- When the two roots lie a P4 or P5 apart (one common tone):
- Keep the common tone and move the remaining two upper voices
stepwise to the chord tones of the next triad.
- Do not keep the common tone, especially when the soprano descends
scales steps 2 to 1. Move all three upper voices in
similar motion to the nearest chord tone. If handles correctly, the
roots will be doubled.
- When the two roots lie a 3rd apart (two common tones):
- Keep both common tones and move remaining upper voices stepwise.
If handled properly, the roots of the two chords
will be doubled.
- When the two roots lie a 2nd apart (no common tones):
- Move the three upper voices in contrary motion to the bass,
making sure that each voice moves to the nearest chord tone
of the next chord. If handled correctly, the roots of the two chords
will be doubled. An exception is the progression
V-vi/VI. In this case, double the 3rd
of the vi/VI triad. Only two upper voices will move
in contrary motion to the bass.
- When chords are repeated:
- Maintain proper doubling, range of voice, and keep the usual
order of voices. But otherwise, freedom to exchange chord
factors among voices is acceptable. Sometimes a change in position
First Inversion Triads:
- Double any triad factor that facilitates smooth voice leading.
Favoured notes are the soprano (most often) and the bass
(less often). Never double the leading tone. Observe general
recommendations regarding voice ranges, order and
Voice leading for the vii6
- Double the third (bass note) or the fifth. The bass note is
preferred. Move all voices with as much stepwise motion as
possible. Avoid skips of a tritone.
Voice leading for the ii6
in minor keys:
- Double the bass note (third) or the root (in an upper voice).
When approaching or leaving the ii6, make voice leading
stepwise wherever possible and avoid melodic tritones.
Voice leading for 64
- Except under unusual circumstances, double the bass note (fifth).
- Approach and depart with as few skips as possible.
- In only the arpeggiated 64 chord is the
bass note approached or left by skip.
- Use only the four types of 64 chords
described here: cadential, passing bass, arpeggiated bass and pedal
Unstylistic Practices - Inviolate
- Avoid parallel perfect Octaves, fifths, or perfect unisons.
Successive perfect intervals containing the same pitches are
not considered parallel.
- Never double the leading tone (7th) of the scale.
- Do not write pitches out of the range of that particular voice.
Keep all voices within their range at all times.
- Avoid the melodic augmented 2nd and 4th in
Unstylistic Practices - Occasionally
- Avoid crossing voices. On rare occasions, crossing of voices is
justified only if it improves voice leading.
- Spacing between adjacent voices should not exceed an octave in
the three upper voices. The spacing between tenor and
bass can be of any reasonable interval (never greater than two
- Do not overlap adjacent voices more than a whole step. An overlap
occurs between two chords when one voice moves
above or below the previous pitch of an adjacent voice. Overlaps of a
half- or whole- step may be employed if it
improves voice leading.
- Do not move in the same direction to perfect intervals in the two
outer voices. Such motion is perceived by the ear as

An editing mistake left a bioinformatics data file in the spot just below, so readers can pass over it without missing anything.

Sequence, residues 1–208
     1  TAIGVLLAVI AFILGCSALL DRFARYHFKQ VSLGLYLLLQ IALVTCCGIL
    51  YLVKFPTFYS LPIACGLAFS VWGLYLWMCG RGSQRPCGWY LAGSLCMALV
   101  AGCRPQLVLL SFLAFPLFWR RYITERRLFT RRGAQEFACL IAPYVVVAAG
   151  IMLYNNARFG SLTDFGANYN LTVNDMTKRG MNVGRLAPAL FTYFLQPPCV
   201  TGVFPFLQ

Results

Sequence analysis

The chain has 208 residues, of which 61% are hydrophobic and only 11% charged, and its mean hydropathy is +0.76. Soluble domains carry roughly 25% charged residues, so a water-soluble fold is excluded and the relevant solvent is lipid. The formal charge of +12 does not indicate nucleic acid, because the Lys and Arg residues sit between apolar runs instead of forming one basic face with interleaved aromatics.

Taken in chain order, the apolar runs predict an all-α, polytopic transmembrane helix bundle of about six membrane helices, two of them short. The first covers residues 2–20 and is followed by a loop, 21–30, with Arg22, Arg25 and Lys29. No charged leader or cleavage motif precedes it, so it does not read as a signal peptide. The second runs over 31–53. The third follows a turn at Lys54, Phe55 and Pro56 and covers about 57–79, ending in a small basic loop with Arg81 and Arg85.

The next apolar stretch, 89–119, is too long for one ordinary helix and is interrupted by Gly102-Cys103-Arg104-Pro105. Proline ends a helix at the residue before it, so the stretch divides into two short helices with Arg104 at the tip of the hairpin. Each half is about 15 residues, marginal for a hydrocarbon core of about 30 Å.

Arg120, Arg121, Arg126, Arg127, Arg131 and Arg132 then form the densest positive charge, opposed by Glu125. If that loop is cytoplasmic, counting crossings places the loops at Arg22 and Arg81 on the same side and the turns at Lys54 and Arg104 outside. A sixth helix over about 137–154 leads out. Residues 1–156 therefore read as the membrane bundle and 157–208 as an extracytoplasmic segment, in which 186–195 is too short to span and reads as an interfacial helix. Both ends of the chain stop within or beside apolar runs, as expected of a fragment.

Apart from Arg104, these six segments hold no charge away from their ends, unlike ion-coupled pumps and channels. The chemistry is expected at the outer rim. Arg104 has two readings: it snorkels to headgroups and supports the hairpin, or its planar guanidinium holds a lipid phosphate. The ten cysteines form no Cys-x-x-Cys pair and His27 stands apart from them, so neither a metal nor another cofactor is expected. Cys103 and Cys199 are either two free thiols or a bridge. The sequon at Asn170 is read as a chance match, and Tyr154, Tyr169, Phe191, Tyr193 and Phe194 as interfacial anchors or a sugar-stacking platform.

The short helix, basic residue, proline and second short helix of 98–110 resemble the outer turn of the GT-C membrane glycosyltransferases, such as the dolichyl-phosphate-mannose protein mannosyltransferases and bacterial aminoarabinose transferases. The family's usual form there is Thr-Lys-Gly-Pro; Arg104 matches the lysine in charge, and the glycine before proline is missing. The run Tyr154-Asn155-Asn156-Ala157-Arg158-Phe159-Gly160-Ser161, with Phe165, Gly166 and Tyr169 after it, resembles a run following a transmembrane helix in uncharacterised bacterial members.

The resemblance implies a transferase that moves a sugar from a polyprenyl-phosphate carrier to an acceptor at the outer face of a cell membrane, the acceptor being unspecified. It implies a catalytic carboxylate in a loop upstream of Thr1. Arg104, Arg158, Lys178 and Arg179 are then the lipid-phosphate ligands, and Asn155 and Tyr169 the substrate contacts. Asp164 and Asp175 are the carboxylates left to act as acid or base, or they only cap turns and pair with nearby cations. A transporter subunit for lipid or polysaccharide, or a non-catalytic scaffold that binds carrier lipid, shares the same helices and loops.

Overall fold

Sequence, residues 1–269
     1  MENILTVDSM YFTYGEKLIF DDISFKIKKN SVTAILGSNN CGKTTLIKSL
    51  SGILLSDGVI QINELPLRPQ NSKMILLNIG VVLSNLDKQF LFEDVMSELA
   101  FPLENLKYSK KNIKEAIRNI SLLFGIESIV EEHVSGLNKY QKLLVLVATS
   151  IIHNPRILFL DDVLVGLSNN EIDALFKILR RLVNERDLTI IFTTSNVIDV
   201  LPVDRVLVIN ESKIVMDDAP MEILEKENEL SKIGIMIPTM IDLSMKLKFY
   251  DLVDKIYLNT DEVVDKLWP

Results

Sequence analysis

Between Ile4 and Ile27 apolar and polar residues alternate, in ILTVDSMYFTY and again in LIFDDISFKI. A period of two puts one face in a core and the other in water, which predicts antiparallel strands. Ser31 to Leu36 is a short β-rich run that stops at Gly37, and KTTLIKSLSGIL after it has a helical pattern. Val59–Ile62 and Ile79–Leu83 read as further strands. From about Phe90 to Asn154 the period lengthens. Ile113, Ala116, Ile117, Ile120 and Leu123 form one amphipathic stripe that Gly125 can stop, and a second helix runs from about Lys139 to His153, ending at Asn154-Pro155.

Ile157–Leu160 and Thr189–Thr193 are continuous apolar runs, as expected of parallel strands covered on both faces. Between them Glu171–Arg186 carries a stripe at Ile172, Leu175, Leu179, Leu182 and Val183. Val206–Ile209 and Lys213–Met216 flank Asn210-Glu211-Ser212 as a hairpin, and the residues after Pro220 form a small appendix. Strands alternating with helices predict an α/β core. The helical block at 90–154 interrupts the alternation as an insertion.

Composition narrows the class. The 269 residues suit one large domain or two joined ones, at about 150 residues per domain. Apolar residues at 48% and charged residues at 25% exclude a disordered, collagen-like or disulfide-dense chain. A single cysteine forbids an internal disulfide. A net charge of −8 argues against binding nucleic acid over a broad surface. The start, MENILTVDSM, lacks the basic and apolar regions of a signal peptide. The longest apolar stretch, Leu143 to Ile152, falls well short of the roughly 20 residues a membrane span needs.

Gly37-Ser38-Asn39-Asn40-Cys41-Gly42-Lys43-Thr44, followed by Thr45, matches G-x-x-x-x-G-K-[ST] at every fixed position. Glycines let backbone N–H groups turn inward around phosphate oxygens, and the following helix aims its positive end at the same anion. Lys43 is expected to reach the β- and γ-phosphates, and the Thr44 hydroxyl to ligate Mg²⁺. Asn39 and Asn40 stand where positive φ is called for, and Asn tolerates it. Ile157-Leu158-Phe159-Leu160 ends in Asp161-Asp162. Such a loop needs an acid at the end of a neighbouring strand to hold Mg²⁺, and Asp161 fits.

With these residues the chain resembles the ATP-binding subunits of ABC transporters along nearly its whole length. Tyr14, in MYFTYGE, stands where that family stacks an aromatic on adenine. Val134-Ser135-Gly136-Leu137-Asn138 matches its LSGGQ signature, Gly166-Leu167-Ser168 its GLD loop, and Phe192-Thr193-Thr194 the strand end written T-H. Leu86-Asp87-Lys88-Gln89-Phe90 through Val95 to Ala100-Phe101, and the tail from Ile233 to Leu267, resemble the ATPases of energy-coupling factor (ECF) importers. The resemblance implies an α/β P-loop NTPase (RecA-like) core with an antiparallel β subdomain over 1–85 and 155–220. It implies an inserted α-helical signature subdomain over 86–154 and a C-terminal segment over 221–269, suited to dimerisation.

parallel perfect interval.
- Unequal 5ths (P5th s to d5ths or v.v.) Ore
found in chorale harmonizations and may be used sparingly. The
ofvii6-I, under certain circumstances,
requires the use of unequal 5ths.
- Melodic augmented 2nds and 4ths are almost
never found in chorale literature of the 18th-century.
- The melodic descending d5th appears sometimes in bass
voices, but rarely in the soprano.
- The d4th is a diatonic interval in the harmonic minor
scale (from the 3rd down to the 7th), and may be
used in isolated
- The leading tone should progress upward to tonic when in an outer
voice and is least commonly applied in the bass.
Other Special Considerations
Augmented 6th chords:
- Built on the Major 3rd below the tonic of the key
- Italian 6th (It6) - Major 3rd +
Augmented 6th (total of three notes), Resolves outward to V
orV7directly, or through I64.
- French 6th (Gr6) - Major 3rd +
Aug. 4th + Augmented 6th (four notes), Resolves
outward to V orV7directly,
or through I64.
- German 6th (Fr6) - Major 3rd + P5th
+ Augmented 6th (four notes), Must resolve to V
through I64 to avoid
Neapolitan 6th chords:
- Major triad built on the lowered 2nd scale degree.
Resolves inward to V7 or
cadential I64 chord.
- Double the bass (3rd of the chord) whenever possible.
Melodic d3rd in soprano considered desirable.
- Avoid chromatic voice leading.
- When going to I64,
avoid the parallel 5ths; instead, invert them to 4ths.
- Chords borrowed from the relative mode, used as colour.
- Avoid doubling the altered notes.
- Bass note moves upward, other voices in oblique or contrary
- Rule of thumb: follow general guidelines as they appear in the
key from which the chord was borrowed. (e.g. The
Picardy 3rdfollows rules from the parallel major key.)
- Dominant or secondary dominant triads or 7th chords
with a raised or lowered 5th.
- Resolve the altered 5th in the direction of the
- If a 7th chord, resolve 7th down one scale
degree. (This may result in a doubled 3rd or a tripled root)
- Never double the altered 5th.
- Altered mediant or submediant triads (occasionally 7th
- Since reached and left through 3rd relationship,
chromatic movement is common.
- Double the root whenever possible.
Secondary dominant and leading tone
- Use standard voice leading practices: Double the bass note (the 3rd),
avoid the melodic tritone, move as stepwise as
possible and resolve tritones in the direction of their spelling
(inward if d5th , outward if A4th).
Info synthesized from:
Benward, Bruce and Gary White. Music in
Theory and Practice. Ed. Kathleen Nietzke et al. 5th ed.
Wisconsin: Brown and Benchmark Publications, 1993.